FDA lifts deferral for potential mad cow disease exposure
Current KBC donor center thank you item: $15 Texas Roadhouse gift cards
Dec. 14, 2022
The moment was so surreal for Margo Greeman, so disorienting, that even when the words came out of the doctor’s mouth, she didn’t believe it. She asked the doctor to write on a piece of paper what she thought she just heard.
“I’m still thinking we’re going home,” Margo remembers from Aug. 26, 2021, the day inside a room at UK Hospital that turned her family’s life upside down. “And he spells out ‘l-y-m …”
Margo’s 8-year-old daughter – the blonde-hair, blue-eyed little girl who loves to swim – had diffuse large B-cell lymphoma, a type of fast-growing non-Hodgkin’s lymphoma where the body makes abnormal B lymphocytes.
That was the first of 72 straight days for Mallary in the hospital. After weeks of intense and excruciating stomach pain, the Greemans now knew what was going on with Mallary, but there was little comfort in the diagnosis.
The next two and a half months were brutal for Mallary. Five rounds of weeklong chemotherapy. Test after test. Feeding tubes and fevers. The isolation of the COVID pandemic in a hospital where she couldn’t see her brother or sister.
“She was kind of terrified, but then it was kind of more like, ‘When I can I go home?’ ” Margo recalled of how her daughter handled the news. “When you’re dealing with a kid, you’re like, ‘They’re going to have to give you all this medicine and they’ll have to put an access port in.’ You have to explain that. … It’s just so much. When you first find out, they’re throwing all this information at you. It’s so wildly overwhelming. It’s enough for you and your husband to digest. It’s enough as well-educated adults to feel like you should have somewhat of a clue, and then to try to simplify that and talk to your 8-year-old is tough.”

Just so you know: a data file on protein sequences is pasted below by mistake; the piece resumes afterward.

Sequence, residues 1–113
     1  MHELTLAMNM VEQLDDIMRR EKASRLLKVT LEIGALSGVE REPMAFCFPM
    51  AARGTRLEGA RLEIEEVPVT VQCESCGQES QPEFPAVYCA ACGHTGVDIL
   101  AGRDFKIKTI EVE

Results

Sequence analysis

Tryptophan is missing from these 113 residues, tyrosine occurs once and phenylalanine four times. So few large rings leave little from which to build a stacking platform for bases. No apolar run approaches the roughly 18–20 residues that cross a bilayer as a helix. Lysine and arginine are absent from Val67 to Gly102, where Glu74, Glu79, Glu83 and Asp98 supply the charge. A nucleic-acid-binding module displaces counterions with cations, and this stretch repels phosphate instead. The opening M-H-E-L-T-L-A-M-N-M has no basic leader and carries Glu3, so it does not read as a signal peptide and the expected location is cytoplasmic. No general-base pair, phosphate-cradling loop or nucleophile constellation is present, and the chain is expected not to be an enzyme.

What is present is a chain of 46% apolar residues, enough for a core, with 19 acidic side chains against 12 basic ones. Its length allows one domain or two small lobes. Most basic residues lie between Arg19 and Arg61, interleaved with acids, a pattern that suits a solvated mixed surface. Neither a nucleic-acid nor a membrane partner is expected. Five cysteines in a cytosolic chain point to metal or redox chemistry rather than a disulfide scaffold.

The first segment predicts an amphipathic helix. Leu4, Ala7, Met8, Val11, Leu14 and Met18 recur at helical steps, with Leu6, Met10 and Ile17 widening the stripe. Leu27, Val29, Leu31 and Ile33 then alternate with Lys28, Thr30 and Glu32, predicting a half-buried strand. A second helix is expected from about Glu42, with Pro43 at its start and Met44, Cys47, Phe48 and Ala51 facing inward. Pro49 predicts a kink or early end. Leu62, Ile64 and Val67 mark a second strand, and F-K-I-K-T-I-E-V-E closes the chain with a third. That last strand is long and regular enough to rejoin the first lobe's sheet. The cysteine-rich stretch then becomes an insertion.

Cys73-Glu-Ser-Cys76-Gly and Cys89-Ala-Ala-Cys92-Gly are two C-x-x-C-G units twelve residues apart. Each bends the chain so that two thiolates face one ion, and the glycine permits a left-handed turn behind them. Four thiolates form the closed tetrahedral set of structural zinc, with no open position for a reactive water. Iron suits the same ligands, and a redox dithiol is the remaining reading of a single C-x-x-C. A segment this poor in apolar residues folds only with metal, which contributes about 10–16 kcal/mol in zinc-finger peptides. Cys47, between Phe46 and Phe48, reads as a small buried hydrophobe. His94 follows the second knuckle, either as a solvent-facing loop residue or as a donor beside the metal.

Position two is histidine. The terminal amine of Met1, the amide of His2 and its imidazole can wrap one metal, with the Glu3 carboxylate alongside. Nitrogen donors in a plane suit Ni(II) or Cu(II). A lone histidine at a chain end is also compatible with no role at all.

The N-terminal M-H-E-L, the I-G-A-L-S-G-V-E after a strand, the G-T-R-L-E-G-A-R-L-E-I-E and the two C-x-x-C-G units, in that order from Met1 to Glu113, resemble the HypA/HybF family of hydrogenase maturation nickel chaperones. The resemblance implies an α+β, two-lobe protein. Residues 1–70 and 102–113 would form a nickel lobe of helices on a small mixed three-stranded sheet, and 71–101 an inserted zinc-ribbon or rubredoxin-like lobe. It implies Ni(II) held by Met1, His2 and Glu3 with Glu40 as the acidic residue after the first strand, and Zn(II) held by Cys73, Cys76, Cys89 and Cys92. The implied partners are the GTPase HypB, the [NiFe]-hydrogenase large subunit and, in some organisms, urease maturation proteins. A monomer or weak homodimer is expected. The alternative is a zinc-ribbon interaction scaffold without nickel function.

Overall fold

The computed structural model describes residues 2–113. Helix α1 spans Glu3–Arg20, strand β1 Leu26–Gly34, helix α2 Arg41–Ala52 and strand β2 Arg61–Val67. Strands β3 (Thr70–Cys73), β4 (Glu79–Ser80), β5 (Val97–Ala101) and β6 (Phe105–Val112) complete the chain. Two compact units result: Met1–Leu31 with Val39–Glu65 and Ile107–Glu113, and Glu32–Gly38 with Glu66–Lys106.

And then there was the blood that Mallary required from the toxic but lifesaving chemotherapy. Imagine all these frightening things happening all around you, your hair falling out, your small frame whittling down to nothing, and then they bring in bags of blood.
Mallary was scared, so they covered the blood bag with a teddy bear they called Medi Teddy. She received four transfusions of whole blood and another transfusion of platelets.
Medi Teddy did her job. Mallary got the blood she needed, the chemo fought back the cancer, and Mallary went home two and a half months later. She is now in remission and enjoying third grade, the first normal school year of her life after missing most of second grade due to her treatment and the two prior years dealing with the COVID pandemic.
“I was shocked the first time they said she would need blood because I didn’t relate the two,” Margo said. “That wasn’t something I would have ever pieced together.”
In reality, 25% of the blood supply aids patients undergoing cancer treatments. With more than one million people diagnosed with cancer every year, the demand for blood has never been greater.
Having been exposed to the need firsthand, Margo has started giving blood again. She used to do it religiously, but she fell out of the habit when she had her three kids.
“There are way too many kids up on that floor in the west wing to not be doing this again,” Margo said. “I sit there and think about Mallary when she got her blood. It’s like the easiest thing in the world to do when you think about these little kids who are suffering like they are and have to endure this terrible experience.”
Margo’s husband, Josh, and sisters have joined her. So too has her brother and her neighbor. She’s hoping more will join the effort and help people like Mallary so they can swim in the summer, go to school in the fall and be kids again.
“It doesn’t matter if you have money, if you have an education, any kind of background that you have, you probably have known somebody who needs it,” Margo said. “It’s free. … You’re just showing up. You are just donating your time, and yes, a little piece of you, but my God, what an amazing gift that you can give to a tiny person.”
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